>Hot summer had taken a holiday; a little spring breeze tickled me, pushed tendrils or evaporated sweat and the world was out in summer profusion. Bare midriffs, street food, bikes and busy sidewalks at lunchtime.
I was walking on the wide swath of 23rd Street before it comes to Fifth Avenue. My gym is here and I try to come as often as life permits. I was still walking my bike; as I decided whether or not to allow myself the indulgence of an eight-dollar salad or if it was better to peddle home to leftovers.
As I walked east, I saw a young dark-eyed woman sitting with her back against a post box; she was holding a sign, the ubiquitous kind written on cardboard in black ink describing sadness, woe and poverty.
She sat cross-legged with her dark, ocular pools cast downward. I walked by. I stopped. She had on the cleanest socks I had ever seen. They were navy blue and white and the contrast between the two colors popped. We are all cautioned against grifters, and con artists who ply the trade of playing on our emotions to extract funds for nefarious business. We know that young women or babies, all can be utilized to maximize the effect, and so I wondered.
I sat watching this girl, she never spoke, her plea was silent and intense; I saw another woman stop to regard this mendicant. I walked over to her. She was older than I am, gray hair and walked with a cane. She was very beautiful and upright, an elegant woman. We both now watched together; it was as if we had slipped into the cast of an impromptu play and tried to quickly come up to speed on the back-story.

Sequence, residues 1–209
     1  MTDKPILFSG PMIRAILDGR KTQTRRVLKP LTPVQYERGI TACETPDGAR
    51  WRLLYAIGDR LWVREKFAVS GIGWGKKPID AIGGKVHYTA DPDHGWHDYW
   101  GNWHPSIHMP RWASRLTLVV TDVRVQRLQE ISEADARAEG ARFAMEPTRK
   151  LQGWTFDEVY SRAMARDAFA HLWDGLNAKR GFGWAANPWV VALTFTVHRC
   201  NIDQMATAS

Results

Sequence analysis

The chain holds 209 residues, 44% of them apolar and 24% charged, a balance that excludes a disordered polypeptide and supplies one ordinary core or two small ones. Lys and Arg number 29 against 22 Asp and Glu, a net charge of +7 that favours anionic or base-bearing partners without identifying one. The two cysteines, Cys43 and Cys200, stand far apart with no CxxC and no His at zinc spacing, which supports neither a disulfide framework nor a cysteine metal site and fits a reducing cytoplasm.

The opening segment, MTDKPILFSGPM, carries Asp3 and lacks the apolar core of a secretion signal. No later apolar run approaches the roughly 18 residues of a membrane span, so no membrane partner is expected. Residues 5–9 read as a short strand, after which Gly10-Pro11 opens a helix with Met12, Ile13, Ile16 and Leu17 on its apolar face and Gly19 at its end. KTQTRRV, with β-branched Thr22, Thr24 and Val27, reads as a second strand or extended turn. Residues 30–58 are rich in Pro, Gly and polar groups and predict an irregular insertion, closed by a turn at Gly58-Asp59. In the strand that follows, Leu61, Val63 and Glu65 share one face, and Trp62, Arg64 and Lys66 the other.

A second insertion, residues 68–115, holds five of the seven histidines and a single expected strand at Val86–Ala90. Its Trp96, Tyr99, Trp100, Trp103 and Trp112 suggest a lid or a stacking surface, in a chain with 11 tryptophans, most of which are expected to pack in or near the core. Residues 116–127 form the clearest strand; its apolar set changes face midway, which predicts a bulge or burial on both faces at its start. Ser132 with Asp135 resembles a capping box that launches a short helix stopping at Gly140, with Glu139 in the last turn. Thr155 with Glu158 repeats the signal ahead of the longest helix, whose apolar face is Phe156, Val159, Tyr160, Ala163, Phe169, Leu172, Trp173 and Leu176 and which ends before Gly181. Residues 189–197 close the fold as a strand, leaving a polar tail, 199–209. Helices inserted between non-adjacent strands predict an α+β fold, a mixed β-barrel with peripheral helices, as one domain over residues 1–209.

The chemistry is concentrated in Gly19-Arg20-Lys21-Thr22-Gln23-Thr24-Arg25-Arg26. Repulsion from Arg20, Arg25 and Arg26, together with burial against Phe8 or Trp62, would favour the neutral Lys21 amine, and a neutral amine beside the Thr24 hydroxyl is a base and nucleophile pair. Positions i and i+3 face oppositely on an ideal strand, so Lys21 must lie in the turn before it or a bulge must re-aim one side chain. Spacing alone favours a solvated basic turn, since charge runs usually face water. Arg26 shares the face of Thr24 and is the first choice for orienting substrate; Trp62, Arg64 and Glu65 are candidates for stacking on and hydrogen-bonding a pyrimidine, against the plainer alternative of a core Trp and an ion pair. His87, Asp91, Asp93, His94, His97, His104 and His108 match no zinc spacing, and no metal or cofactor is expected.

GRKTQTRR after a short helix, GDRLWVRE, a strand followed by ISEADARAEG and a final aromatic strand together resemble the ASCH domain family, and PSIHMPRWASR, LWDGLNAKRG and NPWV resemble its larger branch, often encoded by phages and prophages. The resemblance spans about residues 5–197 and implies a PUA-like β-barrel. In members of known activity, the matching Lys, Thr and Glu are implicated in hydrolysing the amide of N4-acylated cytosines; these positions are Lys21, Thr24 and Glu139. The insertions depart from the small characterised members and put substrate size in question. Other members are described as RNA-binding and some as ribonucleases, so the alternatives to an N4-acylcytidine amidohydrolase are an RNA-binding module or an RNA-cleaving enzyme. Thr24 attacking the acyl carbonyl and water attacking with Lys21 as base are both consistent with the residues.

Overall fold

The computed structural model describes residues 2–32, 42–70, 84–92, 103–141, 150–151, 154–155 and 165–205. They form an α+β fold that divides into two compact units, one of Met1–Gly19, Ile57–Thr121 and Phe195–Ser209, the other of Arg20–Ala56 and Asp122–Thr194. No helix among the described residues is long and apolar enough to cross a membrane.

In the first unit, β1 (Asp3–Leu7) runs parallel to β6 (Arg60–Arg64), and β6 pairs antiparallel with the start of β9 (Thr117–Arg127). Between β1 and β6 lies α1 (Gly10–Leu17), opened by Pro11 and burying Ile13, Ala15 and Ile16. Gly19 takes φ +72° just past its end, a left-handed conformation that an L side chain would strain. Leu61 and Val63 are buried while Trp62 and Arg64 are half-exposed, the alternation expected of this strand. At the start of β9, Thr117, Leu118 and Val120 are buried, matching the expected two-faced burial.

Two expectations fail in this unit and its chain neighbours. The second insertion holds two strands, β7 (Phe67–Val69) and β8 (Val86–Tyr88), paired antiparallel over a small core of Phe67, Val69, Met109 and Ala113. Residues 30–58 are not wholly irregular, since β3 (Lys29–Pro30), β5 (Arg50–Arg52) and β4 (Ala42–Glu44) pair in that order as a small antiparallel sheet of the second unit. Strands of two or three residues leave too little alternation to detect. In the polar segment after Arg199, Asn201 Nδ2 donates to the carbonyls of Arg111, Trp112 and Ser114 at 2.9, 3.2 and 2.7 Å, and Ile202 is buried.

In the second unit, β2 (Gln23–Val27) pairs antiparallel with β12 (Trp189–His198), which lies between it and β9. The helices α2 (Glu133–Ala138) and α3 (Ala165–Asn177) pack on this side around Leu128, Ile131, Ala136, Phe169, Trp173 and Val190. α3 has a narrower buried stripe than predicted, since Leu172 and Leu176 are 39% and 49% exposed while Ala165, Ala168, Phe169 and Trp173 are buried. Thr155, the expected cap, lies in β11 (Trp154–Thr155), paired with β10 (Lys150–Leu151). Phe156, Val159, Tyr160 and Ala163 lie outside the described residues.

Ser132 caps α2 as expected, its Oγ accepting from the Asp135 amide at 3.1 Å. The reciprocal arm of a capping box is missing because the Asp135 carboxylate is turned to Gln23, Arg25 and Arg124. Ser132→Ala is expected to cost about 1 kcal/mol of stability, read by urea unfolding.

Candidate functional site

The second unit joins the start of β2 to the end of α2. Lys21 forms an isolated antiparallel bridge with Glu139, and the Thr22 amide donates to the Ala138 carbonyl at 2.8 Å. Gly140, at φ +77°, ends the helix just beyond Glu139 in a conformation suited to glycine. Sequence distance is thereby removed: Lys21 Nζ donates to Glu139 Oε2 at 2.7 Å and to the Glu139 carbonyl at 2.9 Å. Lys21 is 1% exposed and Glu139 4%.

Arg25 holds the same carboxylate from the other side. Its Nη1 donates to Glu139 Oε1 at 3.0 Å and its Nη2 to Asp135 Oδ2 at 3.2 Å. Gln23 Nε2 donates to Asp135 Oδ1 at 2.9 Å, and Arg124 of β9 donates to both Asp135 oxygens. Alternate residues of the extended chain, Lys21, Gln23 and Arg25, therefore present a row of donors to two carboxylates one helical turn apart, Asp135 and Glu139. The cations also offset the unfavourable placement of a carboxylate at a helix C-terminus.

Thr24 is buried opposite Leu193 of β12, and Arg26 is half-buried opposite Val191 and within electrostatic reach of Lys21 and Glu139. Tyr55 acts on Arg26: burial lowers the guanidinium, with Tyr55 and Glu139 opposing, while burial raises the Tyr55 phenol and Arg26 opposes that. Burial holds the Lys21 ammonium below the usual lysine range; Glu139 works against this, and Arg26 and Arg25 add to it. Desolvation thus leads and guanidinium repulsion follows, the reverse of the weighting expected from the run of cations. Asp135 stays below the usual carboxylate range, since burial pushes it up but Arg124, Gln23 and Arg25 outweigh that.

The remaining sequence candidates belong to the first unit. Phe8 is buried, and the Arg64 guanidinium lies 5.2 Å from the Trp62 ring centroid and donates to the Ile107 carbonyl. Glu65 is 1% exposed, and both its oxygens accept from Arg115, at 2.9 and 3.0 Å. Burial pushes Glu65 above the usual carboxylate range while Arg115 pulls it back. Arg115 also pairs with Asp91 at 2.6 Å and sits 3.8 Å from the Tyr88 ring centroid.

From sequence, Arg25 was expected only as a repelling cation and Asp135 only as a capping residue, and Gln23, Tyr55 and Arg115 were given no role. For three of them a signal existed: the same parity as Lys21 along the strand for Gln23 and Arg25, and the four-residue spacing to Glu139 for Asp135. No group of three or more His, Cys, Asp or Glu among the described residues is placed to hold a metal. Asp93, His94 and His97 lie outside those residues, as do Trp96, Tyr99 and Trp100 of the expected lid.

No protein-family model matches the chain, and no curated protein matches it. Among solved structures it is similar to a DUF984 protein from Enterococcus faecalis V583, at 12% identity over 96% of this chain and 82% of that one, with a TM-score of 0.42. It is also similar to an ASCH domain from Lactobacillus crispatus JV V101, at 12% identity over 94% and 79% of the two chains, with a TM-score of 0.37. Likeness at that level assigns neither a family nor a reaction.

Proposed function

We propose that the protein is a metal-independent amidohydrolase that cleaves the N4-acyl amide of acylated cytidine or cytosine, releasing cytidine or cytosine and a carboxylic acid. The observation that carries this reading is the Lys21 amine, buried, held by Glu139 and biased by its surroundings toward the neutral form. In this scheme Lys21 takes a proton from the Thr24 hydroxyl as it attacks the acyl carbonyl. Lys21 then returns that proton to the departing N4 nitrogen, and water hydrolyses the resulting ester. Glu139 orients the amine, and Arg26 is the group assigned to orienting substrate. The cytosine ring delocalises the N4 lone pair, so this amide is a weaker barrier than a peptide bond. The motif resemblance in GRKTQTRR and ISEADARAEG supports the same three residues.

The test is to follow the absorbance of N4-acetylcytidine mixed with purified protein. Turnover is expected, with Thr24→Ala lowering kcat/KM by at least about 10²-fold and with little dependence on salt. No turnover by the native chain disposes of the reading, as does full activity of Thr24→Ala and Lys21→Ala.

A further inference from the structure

I turned and said, “I always wonder about these folks, who is real and who not. And how do we know?” The woman with the cane turned to me, “Yes, I do as well, but what puzzles me about this one is…” then we both said, as if on cue “Those socks are SO CLEAN!”
We talked some more about wanting to help, but that if you gave everything away how would you know where and when and to whom and then who would take care of you? I said I was going to ask her if I could purchase her some lunch from the cart whose aroma was wafting over to us and I was sure was reaching the young cross-legged woman as well.
I approached her and inquired. Yes, she would like food. No, she couldn’t walk with me to pick what she wanted, as a woman had promised to come back to her spot and give her a job. She had shiny black hair tied back in a ponytail, those dark eyes and clean socks. Her accent confused me; I asked if she spoke French, she said her mother did, but she spoke Romanian.
I walked to the cart and bought a combo platter and a bottle of water. Whether she was shaming the passersby or not, it is still lovely to be offered free lunch and someone who stops to inquire about our state of being.
We all need that, clean socks or dirty.